Hands-On Bug Hunting for Penetration Testers

More Information
Learn
  • Choose what bug bounty programs to engage in
  • Understand how to minimize your legal liability and hunt for bugs ethically
  • See how to take notes that will make compiling your submission report easier
  • Know how to take an XSS vulnerability from discovery to verification, and report submission
  • Automate CSRF PoC generation with Python
  • Leverage Burp Suite for CSRF detection
  • Use WP Scan and other tools to find vulnerabilities in WordPress, Django, and Ruby on Rails applications
  • Write your report in a way that will earn you the maximum amount of money
About

Bug bounties have quickly become a critical part of the security economy. This book shows you how technical professionals with an interest in security can begin productively—and profitably—participating in bug bounty programs.

You will learn about SQli, NoSQLi, XSS, XXE, and other forms of code injection. You’ll see how to create CSRF PoC HTML snippets, how to discover hidden content (and what to do with it once it’s found), and how to create the tools for automated pentesting workflows.

Then, you’ll format all of this information within the context of a bug report that will have the greatest chance of earning you cash.

With detailed walkthroughs that cover discovering, testing, and reporting vulnerabilities, this book is ideal for aspiring security professionals. You should come away from this work with the skills you need to not only find the bugs you're looking for, but also the best bug bounty programs to participate in, and how to grow your skills moving forward in freelance security research.

Features
  • Learn how to test for common bugs
  • Discover tools and methods for hacking ethically
  • Practice working through pentesting engagements step-by-step
Page Count 250
Course Length 7 hours 30 minutes
ISBN 9781789344202
Date Of Publication 11 Sep 2018
Technical Requirements
The Benefits of Bug Bounty Programs
What You Should Already Know – Pentesting Background
Setting Up Your Environment – Tools To Know
What You Will Learn – Next Steps
How (Not) To Use This Book – A Warning
Summary
Questions
Further Reading
Technical Requirements
An Overview of Bug Bounty Communities – Where to Start Your Search
The Vulnerability of Web Applications – What You Should Target
Evaluating Rules of Engagement – How to Protect Yourself
Summary
Questions
Further Reading
Technical Requirements
Attack Surface Reconnaisance – Strategies and the Value of Standardization
Summary
Questions
Further Reading
Technical Requirements
A Quick Overview of XSS – The Many Varieties of XSS
Testing for XSS – Where to Find It, How to Verify It
XSS – An End-To-End Example
Summary
Questions
Further Reading
Technical Requirements
SQLi and Other Code Injection Attacks – Accepting Unvalidated Data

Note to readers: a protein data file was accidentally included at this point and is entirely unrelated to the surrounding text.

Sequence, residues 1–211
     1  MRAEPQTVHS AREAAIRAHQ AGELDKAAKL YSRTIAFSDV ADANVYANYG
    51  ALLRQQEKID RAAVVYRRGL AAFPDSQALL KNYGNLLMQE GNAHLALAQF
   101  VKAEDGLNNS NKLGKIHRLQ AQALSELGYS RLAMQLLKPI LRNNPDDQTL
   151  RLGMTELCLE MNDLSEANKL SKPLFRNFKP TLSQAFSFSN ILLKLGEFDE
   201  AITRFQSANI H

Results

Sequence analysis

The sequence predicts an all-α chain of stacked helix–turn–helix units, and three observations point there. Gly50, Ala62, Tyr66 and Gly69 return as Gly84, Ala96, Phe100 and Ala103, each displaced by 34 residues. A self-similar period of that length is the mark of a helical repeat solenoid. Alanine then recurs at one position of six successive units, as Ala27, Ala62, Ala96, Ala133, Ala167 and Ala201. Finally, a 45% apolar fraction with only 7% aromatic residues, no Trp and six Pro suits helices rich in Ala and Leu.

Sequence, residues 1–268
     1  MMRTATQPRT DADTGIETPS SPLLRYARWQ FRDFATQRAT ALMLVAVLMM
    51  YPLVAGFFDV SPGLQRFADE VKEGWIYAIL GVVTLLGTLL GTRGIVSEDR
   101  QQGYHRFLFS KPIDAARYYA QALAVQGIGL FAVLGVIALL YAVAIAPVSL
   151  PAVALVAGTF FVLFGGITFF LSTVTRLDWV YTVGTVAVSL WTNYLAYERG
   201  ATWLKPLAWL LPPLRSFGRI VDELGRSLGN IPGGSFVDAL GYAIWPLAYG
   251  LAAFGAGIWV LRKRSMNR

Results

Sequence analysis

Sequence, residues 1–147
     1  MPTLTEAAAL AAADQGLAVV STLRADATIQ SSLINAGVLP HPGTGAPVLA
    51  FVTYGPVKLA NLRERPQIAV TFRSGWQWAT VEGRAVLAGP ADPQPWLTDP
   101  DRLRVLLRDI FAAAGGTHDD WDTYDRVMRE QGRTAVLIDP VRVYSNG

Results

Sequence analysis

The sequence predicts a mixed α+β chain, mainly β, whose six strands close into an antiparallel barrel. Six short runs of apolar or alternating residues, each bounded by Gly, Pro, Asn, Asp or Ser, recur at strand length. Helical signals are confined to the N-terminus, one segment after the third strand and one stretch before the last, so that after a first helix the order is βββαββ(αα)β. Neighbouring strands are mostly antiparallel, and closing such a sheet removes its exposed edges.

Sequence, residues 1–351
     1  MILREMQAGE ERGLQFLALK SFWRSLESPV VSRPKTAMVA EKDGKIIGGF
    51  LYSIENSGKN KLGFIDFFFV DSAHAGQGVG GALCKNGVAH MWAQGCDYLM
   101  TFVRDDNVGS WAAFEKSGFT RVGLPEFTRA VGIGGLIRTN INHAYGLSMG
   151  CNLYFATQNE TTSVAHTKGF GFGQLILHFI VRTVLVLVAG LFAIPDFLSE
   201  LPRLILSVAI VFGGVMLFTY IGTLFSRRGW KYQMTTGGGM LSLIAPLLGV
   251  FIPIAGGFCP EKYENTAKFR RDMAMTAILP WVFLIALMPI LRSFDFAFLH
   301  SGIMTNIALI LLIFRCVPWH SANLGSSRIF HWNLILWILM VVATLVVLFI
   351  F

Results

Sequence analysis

Testing for SQLi With Sqlmap – Where to Find It and How to Verify It
Trawling for Bugs – Using Google Dorks and Python for SQLi Discovery
Scanning for SQLi With Arachni
NoSQL Injection – Injecting Malformed MongoDB Queries
SQLi – An End-to-End Example
Summary
Questions
Further Reading
Technical requirements
A simple XXE example
XML injection vectors
XML injection and XXE – stronger together
Testing for XXE – where to find it, and how to verify it
XXE – an end-to-end example
Summary
Questions
Further reading
Technical Requirements
Security by Obscurity – The Siren Song
Data Leaks – What Information Matters?
Low Value Data – What Doesn’t Matter
Data Leak Vectors
Unmasking Hidden Content – How to Pull the Curtains Back
Data Leakage – An End-to-End Example
Summary
Questions
Further Reading
Technical Requirements
Known Component Vulnerabilities and CVEs – A Quick Refresher
WordPress – Using WPScan
Ruby on Rails – Rubysec Tools and Tricks
Django – Strategies for the Python App
Summary
Questions
Further Reading
Technical Requirements
Reproducing the Bug – How Your Submission Is Vetted
Critical Information – What Your Report Needs
Maximizing Your Award – The Features That Pay
Example Submission Reports – Where to Look
Hackerone Hacktivity
Vulnerability Lab Archive
GitHub
Summary
Questions
Further Reading
Technical Requirements
Evaluating New Tools – What to Look For
Paid Versus Free Editions – What Makes a Tool Worth It?
A Quick Overview of Other Options – Nikto, Kali, Burp Extensions, and More
Summary
Questions
Further Reading
Technical Requirements
DoS/DDoS – The Denial-of-Service Problem
Sandboxed and Self-XSS – Low-Threat XSS Varieties
Non-Critical Data Leaks – What Companies Don’t Care About
Other Common No-Payout Vulnerabilities
Summary
Questions
Further Reading

Authors

Joe Marshall

Joseph Marshall is a web application developer and freelance writer with credits from The Atlantic, Kirkus Review, and the SXSW film blog. He also enjoys moonlighting as a freelance security researcher, working with third-party vulnerability marketplaces such as Bugcrowd and HackerOne. His background and education include expertise in development, nonfiction writing, linguistics, and instruction/teaching. He lives in Austin, TX.